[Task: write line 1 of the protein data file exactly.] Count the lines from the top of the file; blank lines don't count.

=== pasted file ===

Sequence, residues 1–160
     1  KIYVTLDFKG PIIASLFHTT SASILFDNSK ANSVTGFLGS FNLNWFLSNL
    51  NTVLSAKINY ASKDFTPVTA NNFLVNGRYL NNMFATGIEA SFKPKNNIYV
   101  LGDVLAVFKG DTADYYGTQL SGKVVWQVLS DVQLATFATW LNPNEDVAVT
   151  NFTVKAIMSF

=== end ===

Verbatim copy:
Sequence, residues 1–160